They need a newer fleet in the 130-145 seat range. Don’t really care if it’s A220 or MAX 7 as long as it can be flown to smaller markets.
One other thing you need to keep in mind, WN does LOT of takeoff and Landing cycles on their airplanes and they'll need a fuselage and Landing gear combination to work with those conditions. Now? Whether Boeing or Airbus build such a robust and rugged fuselage/landing gear combination in the future? will go a long way toward securing a new model order from WN. Of that you can bet. The 737 is proven to be a high cycle tolerant Airframe. Airbus can do Hi cycles but it isn't necessarily built for it.. which is why many more 737's will eventually be in Freighter service in the coming years..
It isn't just the gear. That can be rebuilt. It comes down to how many cycles can the airframe be certified for. Almost all airframes are not certified for their design capability. For example, the A320 was certified initially for 48,000 Flight cycles (FC) and 60,000 flight hours (FH). LH retired one at just over (going from memory) 57,000 FC. Add a few brackets on any after the initial build and that became 60,000 FC and 120,000 FH. The CRJs started at 60,000 FC, 90,000 FH and are now certified for 80,000 FC and 120,000 FH with a few past the initial 60,000 FC.
The A220 is certified for 60,000 FC and 90,000 FH. (C-checks now at 10,000 hours or 3 C-checks per HMV * 3 HMV for planned=90,000 FH).
Link on cycle testing (tested to 180,000 cycles to prove good for 60,000):https://www.iabg.de/en/news-events/deta ... 00-fluege/
Notice they were testing to determine residual strength. That means Airbus has the data to know if they can go for more (possibly with either making parts more flexibly are putting in doublers to strengthen parts a la A320 which did both). https://en.wikipedia.org/wiki/Airbus_A220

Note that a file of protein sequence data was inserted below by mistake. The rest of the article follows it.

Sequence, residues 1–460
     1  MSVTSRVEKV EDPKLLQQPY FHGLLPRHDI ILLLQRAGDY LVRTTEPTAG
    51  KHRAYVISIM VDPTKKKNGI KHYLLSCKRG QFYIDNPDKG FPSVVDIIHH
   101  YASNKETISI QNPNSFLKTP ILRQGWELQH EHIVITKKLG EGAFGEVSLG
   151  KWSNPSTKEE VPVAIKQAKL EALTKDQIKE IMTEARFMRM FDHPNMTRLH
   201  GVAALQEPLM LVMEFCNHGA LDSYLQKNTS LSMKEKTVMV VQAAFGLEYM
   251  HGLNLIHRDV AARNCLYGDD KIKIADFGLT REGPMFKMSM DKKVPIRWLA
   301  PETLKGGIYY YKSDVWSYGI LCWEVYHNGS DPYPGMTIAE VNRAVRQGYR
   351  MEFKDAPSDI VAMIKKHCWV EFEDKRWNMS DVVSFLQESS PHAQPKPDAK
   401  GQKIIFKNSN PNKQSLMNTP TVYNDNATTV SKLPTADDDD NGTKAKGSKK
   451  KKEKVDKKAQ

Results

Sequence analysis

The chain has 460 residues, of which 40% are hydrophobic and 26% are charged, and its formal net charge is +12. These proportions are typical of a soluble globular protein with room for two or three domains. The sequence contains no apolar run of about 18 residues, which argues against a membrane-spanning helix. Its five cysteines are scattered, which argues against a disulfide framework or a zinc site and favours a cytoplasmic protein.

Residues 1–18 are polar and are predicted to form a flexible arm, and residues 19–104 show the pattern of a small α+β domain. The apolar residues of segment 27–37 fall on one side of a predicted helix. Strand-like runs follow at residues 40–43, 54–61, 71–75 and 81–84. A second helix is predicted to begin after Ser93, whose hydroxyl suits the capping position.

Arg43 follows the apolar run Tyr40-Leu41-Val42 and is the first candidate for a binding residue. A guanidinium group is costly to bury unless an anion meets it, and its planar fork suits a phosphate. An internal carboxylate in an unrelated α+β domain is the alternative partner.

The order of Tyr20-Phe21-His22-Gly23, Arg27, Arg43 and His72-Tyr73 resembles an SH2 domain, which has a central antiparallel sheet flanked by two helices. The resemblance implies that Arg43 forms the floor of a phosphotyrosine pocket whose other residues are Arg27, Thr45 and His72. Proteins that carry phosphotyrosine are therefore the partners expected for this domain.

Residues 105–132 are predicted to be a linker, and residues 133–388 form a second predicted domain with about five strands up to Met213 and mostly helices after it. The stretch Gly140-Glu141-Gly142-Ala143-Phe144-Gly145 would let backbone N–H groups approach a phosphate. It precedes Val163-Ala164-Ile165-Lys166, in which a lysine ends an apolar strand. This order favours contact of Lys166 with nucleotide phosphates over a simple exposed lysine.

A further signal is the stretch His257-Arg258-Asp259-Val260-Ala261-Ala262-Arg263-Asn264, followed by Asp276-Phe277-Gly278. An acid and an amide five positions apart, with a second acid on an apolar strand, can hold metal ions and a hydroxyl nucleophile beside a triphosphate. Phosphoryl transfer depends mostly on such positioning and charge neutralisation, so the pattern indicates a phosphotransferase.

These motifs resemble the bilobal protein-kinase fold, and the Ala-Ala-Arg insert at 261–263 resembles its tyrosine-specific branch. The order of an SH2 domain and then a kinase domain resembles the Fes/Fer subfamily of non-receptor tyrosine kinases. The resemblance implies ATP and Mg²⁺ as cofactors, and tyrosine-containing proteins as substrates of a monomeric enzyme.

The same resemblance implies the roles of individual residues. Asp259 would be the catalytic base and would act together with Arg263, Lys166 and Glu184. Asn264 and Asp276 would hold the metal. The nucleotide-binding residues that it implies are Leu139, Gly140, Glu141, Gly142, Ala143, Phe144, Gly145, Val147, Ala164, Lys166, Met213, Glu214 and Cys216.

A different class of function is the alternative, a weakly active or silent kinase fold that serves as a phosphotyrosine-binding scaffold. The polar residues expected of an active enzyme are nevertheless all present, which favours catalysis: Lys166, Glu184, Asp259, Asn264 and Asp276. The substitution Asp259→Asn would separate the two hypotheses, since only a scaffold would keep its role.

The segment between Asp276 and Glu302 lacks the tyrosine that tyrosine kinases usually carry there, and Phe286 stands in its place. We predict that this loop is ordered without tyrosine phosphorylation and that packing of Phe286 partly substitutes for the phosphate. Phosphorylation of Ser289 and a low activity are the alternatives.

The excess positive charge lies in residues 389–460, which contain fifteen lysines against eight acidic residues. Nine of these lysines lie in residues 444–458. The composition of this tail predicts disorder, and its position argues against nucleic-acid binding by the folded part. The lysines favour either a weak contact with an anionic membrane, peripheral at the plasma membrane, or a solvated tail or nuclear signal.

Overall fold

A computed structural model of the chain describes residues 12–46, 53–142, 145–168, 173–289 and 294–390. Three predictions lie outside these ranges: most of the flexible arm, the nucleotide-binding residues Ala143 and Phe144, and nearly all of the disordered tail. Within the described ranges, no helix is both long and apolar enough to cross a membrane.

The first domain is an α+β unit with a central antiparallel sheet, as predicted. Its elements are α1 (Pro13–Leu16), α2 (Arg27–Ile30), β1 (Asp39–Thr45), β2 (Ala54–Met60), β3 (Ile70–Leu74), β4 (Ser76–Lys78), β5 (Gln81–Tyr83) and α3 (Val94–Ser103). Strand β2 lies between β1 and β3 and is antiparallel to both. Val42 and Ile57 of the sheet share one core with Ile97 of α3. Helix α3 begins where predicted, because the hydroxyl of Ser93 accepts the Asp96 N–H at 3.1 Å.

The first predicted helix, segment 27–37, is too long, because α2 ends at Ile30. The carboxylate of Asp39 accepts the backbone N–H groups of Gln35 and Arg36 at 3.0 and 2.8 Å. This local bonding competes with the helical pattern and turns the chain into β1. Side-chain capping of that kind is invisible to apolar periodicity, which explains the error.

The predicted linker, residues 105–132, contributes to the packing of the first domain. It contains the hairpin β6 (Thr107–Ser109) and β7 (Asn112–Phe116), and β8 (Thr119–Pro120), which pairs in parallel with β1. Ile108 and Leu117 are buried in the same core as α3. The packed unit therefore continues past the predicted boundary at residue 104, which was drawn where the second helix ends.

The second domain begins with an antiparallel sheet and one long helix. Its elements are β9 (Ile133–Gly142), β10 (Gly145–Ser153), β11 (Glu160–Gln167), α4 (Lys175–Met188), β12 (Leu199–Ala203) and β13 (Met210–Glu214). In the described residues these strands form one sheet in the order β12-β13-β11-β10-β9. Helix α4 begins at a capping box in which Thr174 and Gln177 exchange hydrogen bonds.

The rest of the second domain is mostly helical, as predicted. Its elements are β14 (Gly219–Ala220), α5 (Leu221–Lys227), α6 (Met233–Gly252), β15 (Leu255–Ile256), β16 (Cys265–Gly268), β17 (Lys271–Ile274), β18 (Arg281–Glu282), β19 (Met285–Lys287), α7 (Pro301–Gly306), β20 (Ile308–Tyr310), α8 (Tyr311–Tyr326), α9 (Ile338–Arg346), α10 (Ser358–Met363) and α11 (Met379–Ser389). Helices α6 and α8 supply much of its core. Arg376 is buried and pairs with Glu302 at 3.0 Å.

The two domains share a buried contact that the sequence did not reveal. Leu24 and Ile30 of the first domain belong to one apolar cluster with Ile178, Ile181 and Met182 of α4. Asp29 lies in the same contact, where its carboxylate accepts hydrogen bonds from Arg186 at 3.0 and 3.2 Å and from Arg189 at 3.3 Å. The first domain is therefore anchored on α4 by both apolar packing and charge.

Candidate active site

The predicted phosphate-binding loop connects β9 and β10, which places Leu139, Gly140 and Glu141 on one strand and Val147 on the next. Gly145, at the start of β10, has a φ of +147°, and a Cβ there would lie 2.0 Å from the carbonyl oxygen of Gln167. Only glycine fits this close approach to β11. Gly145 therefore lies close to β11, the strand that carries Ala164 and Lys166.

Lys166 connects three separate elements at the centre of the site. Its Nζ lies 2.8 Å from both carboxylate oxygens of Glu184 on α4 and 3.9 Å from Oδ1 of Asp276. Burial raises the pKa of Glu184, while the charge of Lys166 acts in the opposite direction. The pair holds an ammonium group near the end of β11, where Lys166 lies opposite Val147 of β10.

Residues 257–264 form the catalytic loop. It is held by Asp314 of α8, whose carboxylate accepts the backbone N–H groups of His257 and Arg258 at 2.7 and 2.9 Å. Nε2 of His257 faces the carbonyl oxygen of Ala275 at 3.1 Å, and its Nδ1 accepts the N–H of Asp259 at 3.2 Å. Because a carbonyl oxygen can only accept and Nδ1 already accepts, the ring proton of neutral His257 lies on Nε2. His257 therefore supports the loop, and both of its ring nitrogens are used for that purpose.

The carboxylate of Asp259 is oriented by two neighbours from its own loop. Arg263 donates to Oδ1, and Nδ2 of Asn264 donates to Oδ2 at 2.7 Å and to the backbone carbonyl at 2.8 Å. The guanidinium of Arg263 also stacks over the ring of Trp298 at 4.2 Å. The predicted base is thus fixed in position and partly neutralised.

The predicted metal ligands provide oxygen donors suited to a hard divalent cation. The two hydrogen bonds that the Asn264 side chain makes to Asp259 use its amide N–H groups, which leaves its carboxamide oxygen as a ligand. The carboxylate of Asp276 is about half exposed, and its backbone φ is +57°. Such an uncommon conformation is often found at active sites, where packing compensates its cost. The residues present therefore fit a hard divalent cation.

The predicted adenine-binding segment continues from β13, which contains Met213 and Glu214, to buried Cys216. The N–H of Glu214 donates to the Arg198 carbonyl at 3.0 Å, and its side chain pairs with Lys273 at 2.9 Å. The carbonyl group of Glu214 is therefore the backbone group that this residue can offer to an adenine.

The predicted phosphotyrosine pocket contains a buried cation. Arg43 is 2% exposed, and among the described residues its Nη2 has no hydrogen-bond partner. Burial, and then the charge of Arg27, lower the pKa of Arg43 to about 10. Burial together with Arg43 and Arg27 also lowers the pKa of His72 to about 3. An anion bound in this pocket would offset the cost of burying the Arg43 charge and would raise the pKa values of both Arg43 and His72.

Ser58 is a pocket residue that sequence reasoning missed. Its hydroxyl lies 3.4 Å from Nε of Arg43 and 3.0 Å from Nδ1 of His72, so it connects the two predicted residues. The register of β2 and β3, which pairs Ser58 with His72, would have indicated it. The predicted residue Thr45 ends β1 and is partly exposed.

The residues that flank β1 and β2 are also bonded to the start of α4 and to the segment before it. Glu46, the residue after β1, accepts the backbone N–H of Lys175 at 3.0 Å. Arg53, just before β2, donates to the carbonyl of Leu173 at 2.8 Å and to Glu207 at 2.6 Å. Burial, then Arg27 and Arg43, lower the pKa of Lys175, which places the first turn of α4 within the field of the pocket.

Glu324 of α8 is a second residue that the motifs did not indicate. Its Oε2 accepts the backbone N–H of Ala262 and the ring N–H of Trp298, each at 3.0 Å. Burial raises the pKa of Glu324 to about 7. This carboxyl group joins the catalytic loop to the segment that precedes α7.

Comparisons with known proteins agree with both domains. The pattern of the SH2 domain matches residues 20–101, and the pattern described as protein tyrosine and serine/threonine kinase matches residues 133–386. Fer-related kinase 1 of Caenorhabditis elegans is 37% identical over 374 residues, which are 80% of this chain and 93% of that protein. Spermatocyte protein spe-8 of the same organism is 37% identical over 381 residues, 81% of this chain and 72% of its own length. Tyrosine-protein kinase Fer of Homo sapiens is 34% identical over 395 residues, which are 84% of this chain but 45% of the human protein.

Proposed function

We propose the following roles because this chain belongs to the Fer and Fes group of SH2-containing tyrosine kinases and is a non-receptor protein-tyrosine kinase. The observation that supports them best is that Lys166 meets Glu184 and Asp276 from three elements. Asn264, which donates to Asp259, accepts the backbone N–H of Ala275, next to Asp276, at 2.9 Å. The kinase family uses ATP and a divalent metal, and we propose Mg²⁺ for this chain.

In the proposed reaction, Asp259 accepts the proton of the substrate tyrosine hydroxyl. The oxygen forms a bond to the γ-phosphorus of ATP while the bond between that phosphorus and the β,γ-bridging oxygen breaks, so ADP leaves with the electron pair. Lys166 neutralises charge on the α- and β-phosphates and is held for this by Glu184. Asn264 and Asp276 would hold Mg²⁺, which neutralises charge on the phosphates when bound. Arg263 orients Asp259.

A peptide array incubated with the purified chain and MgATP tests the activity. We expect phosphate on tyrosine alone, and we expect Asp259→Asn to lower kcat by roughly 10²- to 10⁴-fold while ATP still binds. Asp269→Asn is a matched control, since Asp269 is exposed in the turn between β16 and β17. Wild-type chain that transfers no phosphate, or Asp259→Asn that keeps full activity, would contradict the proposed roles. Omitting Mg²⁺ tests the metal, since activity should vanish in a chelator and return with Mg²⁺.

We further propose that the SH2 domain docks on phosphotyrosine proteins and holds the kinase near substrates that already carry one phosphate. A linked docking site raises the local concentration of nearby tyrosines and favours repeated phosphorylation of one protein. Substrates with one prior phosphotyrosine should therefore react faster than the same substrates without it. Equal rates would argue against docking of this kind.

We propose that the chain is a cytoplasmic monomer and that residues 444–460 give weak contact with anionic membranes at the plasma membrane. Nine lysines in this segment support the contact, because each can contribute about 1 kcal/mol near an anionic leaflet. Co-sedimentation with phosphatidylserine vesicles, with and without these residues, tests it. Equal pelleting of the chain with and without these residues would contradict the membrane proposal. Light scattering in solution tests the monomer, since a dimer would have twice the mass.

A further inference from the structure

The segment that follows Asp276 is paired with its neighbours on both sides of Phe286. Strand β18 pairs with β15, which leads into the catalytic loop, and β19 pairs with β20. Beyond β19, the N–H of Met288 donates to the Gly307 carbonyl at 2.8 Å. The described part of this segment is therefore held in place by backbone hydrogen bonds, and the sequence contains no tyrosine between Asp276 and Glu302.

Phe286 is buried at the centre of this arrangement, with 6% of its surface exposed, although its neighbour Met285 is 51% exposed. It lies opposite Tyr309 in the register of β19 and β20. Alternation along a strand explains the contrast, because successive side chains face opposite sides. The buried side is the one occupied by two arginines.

A CFRP wing is not the limit on cycles nor hours, so unless there is a weak link, the A220 should be certifiable for far more hours and more cycles. Then again, I thought that about the a320 getting to 90,000 FC and 180,000 FH and it failed (by a method on cycles). We had a thread on that:viewtopic.php?t=775787
Ok, a long answer that I agree WN needs a durable plane. Since they have done the 85,000 FC bulkhead repair (going from memory) on the 737, but don't tend to keep them aircraft not too much longer... I think 90k cycles is required.
But look at that lovely cycle testing. Ugh... I thought only 2X cycles were required (3X is easy to prove "good enough" even if the plane turns to dust 1 cycle later...). So this could be a paper exercise (mind you, a large team of stress engineers working for years) to extend to 90,000 cycles for the A220.
Anyone have a copy of AC120-104 handy? That is the regulation, I'm just not willing to pay $60 to get a copy for the fun of it.
But the A380 only tested 47,500 cycles to certify for half that. So there is precedence. https://www.airbus.com/newsroom/press-r ... -a380.html
So this begs the question, the fatigue testing also does accelerated hours testing. I haven't been able to find any A220 reference on how many simulated accelerated hours were tested. But I am of the opinion Bombardier did enough testing to increase the limit of validity of the
A220 to 90,000 cycles. I assume they kept the 2:3 ratio so 135,000 FH, but that is only my guess. That is more than sufficient for WN.
Now to divert a team of about 40 stress engineers (including a competent set of technical leads under a director) to plow through the data for 3 or so years...
I cannot wait to get vaccinated to live again! Warning: I simulated that it takes 50%+ vaccinated to protect the vaccinated and 75%+ vaccinated to protect the vac-hesitant.